Le’Veon Bell can make the Chiefs’ passing game extremely dangerous

Doug Farrar
·5 min read

It’s hard at this point to remember that Le’Veon Bell was one of the NFL’s most prominent offensive threats not too long ago. Bell totaled 7,997 yards from scrimmage from 2013 through 2017, his first first five NFL seasons, and only LeSean McCoy had more with 8,016. Then, Bell sat out the entire 2018 season with a contract dispute and then signed a four-year, $52.5 million contract with the Jets in 2019. The marriage between player and team didn’t work out for a couple of reasons — Bell never really seemed to get his legs under him after the year off, and 95% of the people reading this could design a better offensive game plan than Jets head coach and alleged offensive genius Adam Gase could.

Exhibit A:

The Jets released Bell on Tuesday, and after a few teams gave him the once-over, Bell signed with the Chiefs on Thursday. It’s an interesting fit if you look at Bell as purely a running back — the Chiefs have rookie running back Clyde Edwards-Helaire, Damien Williams has opted out for the 2020 season, and at this point, Patrick Mahomes ranks second on the team in rushing yards with 129, and first in rushing touchdowns with two. Bell can help in a rotation sense in that regard.

But there’s another likely reason that the Chiefs’ franchise quarterback is happy about this move, and it’s not because Bell will experience a rushing renaissance in Kansas City. Whether he does or not is relatively irrelevant.

Again, you have to go back a ways, but where Bell can really add to Kansas City’s offense is in the passing game. Because at his peak, Bell was one of the better receiving backs of his generation, able to threaten defenses from anywhere in the formation from the backfield to the “X” iso receiver spot. From 2013 through 2017, no running back had more receptions (312), targets (397), and receiving yards (2,660) than Bell, and Bell wasn’t just catching screens and swing passes out of the backfield. That he wasn’t used as that kind of asset in New York’s offense could not matter less, because the divide in playcalling talent between Gase and the Chiefs’ offensive staff — head coach Andy Reid and offensive coordinator Eric Bieniemy — could not possibly be wider.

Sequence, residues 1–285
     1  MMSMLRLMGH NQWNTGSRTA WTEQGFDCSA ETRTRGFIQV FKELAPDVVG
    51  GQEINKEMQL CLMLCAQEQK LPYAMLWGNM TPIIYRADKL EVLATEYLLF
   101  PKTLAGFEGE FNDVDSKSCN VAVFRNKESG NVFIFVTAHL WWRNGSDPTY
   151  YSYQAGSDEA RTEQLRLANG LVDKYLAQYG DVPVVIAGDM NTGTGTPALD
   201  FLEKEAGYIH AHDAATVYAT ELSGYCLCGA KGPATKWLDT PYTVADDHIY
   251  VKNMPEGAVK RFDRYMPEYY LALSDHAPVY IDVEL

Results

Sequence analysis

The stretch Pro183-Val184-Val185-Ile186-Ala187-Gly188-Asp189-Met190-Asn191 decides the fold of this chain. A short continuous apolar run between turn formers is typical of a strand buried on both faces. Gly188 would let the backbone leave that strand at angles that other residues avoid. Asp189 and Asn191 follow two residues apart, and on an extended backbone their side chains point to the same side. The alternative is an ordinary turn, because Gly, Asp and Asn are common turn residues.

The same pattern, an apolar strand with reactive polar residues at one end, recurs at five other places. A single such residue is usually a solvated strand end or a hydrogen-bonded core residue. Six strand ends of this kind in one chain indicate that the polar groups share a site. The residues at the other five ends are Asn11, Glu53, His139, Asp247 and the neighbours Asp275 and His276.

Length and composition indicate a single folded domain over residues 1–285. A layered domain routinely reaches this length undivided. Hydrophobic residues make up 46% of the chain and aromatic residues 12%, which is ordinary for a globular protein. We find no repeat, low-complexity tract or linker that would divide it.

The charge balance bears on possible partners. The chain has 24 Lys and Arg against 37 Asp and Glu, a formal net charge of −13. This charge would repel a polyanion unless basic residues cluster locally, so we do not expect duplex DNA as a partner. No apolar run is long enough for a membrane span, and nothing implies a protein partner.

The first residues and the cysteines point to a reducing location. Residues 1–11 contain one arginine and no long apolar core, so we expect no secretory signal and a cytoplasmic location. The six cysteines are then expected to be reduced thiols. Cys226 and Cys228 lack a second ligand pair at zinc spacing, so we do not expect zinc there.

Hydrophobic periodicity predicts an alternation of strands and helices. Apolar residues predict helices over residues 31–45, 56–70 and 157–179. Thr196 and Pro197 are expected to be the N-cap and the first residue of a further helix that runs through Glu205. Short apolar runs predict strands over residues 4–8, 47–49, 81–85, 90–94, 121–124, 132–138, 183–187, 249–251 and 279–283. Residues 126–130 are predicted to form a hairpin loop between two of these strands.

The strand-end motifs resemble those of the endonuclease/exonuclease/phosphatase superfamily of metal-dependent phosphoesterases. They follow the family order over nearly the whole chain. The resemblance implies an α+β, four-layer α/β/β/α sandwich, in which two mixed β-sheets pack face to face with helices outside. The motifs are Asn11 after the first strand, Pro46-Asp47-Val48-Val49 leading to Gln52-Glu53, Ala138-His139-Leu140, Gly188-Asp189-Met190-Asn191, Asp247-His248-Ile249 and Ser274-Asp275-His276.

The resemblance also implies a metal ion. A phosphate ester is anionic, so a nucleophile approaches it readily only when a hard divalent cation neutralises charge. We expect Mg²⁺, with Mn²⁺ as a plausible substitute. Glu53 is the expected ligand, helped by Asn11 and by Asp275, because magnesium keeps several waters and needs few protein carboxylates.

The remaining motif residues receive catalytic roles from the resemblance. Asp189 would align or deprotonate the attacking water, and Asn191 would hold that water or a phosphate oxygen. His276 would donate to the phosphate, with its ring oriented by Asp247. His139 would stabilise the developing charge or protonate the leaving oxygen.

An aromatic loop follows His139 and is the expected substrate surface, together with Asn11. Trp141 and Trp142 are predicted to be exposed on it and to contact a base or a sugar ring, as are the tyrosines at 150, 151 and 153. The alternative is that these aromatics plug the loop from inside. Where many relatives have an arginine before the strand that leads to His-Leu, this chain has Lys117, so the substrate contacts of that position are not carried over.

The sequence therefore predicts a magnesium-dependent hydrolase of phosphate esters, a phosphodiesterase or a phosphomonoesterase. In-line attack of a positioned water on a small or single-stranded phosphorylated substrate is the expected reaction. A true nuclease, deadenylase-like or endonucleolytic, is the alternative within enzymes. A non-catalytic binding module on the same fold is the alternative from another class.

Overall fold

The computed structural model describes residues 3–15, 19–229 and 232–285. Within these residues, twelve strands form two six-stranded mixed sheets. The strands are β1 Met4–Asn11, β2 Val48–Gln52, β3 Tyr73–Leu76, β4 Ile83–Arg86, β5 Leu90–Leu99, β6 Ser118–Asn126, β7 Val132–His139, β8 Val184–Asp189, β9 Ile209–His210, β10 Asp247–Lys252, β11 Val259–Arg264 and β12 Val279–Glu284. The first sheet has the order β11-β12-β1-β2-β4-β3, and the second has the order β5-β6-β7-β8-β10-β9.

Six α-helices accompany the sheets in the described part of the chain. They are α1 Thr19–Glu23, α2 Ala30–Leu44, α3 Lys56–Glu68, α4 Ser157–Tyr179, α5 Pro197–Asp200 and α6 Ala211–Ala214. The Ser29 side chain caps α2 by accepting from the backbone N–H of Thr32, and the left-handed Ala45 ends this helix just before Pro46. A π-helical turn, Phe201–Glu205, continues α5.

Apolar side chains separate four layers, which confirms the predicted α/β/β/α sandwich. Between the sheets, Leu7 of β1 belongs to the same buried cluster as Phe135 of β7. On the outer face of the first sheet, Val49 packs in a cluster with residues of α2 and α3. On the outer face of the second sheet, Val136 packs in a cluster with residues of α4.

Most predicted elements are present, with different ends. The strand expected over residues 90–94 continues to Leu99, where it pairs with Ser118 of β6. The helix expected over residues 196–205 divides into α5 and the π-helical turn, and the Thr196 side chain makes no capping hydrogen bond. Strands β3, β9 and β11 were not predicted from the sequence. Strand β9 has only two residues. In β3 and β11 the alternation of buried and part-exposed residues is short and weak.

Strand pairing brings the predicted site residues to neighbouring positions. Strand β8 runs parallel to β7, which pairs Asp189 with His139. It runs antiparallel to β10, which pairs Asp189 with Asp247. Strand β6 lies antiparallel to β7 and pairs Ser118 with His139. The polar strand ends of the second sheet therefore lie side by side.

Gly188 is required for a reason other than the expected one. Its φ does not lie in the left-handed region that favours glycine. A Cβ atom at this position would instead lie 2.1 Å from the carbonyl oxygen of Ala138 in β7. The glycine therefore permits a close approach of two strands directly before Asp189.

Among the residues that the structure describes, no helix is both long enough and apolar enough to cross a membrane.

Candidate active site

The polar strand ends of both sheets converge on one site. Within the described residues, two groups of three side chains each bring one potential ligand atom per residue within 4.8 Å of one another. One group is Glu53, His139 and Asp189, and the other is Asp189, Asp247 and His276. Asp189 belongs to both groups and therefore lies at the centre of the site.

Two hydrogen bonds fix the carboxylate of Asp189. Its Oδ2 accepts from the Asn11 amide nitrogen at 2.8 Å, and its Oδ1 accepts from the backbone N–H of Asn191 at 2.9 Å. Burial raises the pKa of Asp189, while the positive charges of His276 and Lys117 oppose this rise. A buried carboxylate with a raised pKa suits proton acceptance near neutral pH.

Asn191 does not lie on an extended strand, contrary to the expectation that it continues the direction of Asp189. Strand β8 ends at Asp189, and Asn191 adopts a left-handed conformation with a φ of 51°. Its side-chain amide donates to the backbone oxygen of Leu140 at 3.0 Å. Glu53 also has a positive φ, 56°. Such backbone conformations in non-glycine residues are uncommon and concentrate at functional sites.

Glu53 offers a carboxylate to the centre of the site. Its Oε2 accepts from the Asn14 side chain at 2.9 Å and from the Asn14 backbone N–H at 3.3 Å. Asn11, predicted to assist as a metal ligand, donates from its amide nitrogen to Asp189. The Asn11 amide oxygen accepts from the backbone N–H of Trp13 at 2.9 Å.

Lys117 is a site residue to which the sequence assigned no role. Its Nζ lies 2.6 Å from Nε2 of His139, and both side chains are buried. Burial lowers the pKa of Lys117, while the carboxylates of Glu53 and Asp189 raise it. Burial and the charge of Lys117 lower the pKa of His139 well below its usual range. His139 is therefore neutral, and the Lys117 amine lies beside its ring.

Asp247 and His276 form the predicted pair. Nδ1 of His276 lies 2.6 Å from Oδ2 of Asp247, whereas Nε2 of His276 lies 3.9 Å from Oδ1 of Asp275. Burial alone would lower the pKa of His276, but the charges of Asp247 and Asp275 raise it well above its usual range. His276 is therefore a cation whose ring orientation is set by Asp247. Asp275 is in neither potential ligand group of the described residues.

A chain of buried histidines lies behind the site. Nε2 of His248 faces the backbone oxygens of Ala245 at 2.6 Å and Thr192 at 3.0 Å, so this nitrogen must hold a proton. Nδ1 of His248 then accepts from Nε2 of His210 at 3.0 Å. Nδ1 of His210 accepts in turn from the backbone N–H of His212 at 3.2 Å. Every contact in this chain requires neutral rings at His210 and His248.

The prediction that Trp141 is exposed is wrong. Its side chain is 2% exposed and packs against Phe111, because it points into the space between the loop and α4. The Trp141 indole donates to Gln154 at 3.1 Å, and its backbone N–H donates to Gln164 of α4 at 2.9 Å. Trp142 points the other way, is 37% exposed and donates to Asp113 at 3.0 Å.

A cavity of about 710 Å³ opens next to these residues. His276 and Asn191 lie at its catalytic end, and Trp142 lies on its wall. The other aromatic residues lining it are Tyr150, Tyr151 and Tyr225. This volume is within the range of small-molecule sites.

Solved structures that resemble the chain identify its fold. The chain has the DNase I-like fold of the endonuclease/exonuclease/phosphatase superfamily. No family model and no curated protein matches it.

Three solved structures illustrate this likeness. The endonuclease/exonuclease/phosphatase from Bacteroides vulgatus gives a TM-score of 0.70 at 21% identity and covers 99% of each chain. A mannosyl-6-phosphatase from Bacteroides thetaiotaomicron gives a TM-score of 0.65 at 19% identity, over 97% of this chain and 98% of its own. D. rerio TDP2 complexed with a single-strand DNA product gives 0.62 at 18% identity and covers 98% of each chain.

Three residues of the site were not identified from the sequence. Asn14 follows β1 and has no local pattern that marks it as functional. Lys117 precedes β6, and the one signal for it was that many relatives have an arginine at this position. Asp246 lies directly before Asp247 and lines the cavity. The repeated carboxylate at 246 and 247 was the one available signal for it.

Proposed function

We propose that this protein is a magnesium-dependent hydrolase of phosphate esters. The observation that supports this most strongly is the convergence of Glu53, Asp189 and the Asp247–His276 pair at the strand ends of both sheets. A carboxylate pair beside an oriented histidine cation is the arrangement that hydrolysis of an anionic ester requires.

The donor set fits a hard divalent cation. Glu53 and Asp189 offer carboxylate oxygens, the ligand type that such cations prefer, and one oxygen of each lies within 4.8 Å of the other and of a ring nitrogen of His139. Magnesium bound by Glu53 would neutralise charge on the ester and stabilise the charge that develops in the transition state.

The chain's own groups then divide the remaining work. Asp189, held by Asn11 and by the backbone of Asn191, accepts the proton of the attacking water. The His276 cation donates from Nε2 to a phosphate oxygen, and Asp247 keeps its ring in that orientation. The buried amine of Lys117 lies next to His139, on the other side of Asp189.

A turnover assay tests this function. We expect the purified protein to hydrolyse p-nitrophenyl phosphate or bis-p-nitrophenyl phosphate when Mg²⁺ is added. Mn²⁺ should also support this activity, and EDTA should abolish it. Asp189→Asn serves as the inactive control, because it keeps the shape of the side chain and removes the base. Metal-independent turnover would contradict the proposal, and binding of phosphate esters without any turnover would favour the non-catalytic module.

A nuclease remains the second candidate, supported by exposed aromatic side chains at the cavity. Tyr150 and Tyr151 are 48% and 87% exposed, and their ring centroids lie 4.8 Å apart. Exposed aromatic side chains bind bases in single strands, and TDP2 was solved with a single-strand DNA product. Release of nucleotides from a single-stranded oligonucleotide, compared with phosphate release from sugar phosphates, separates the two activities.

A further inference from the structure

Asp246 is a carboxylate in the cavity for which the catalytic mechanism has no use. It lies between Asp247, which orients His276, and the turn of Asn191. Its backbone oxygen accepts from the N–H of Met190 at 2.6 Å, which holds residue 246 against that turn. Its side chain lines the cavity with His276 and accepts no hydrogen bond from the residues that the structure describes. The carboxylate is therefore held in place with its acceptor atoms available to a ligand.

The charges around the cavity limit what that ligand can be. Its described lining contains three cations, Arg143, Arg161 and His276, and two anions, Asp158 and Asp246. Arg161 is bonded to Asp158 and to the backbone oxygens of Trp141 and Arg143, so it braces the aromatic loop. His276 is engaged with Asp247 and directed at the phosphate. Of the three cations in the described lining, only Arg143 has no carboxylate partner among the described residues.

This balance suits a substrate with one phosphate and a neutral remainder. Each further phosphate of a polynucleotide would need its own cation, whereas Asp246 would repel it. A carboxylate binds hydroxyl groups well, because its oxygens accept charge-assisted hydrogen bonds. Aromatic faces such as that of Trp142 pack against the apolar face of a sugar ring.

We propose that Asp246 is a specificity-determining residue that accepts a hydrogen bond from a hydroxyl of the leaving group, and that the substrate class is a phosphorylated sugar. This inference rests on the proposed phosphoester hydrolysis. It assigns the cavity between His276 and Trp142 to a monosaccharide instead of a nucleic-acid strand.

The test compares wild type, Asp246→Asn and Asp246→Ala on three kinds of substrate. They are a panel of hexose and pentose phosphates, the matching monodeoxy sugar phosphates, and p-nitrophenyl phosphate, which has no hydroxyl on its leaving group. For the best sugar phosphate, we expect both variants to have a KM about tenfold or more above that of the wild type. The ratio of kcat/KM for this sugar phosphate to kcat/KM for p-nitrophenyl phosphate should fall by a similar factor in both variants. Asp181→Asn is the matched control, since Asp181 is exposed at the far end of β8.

So, as long as we’re in the Wayback Machine, let’s travel to 2018, when the Chiefs had Damien Williams and Kareem Hunt as their primary running backs. In that season, Mahomes’ first as a starter, Reid loved working with “21” personnel (two running backs, two receivers, and one tight end) because it allowed Hunt to use his own receiving skills to tear defenses apart. Like Bell, Hunt is the kind of back who can nuke a defender for big plays in the passing game from anywhere in the formation.

Since the team released Hunt in November, 2018 following video that showed Hunt punching and kicking a woman in February of that year, the Chiefs have not enjoyed a similar type of back in their offense, and the numbers bear that out. In 2018, per Sports Info Solutions, Mahomes attempted 28 passes out of “21” personnel, completing 18 of those passes for 296 yards, two touchdowns, and no interceptions.

In 2019 and 2020 combined, Mahomes has attempted 12 passes out of “21” personnel, completing eight for 130 yards, two touchdowns, and no interceptions. Edwards-Helaire has potential as an across-the-formation receiver, and that’s one reason the Chiefs took him in the first round, but as great has Mahomes has been since Hunt was released, he has not had a running back as a receiver like Bell to add to the passing game.

What makes Bell special in this regard? Take this 19-yard touchdown reception from Ben Roethlisberger in the 2017 divisional playoffs against a Jacksonville defense that may have the been the NFL’s best. Bell and Antonio Brown are running a switch off the line of scrimmage against man coverage, and as a result, linebacker Telvin Smith has to carry Bell to the end zone by himself. Smith was a good coverage linebacker at that time, but not good enough to match Bell’s understanding of the subtleties of route-running, and his ability to make the contested catch.

And here, against the Ravens in Week 14 of the 2017 season, Bell is wide left out of an empty formation, and he’s covered one-on-one by safety Tony Jefferson. Again, Bell shows an unusual understanding of the subtleties of the route for a running back — he leverages Jefferson with the slant, and then breaks three tackles to get to the end zone.

Again, Bell is working in concert with Antonio Brown to his side — now, imagine him lined up wide in the Chiefs’ offense, and an opposing defense having to part out a route combination that includes Bell and Kareem Hunt. Good luck with that.

So yes — while Le’Veon Bell has the potential to help the Chiefs’ running game, it’s as the replacement for Kareem Hunt the team has sought for nearly two years that could prove his ultimate value to his new team.

And this, I expect, is why Andy Reid has a smile on his face right now.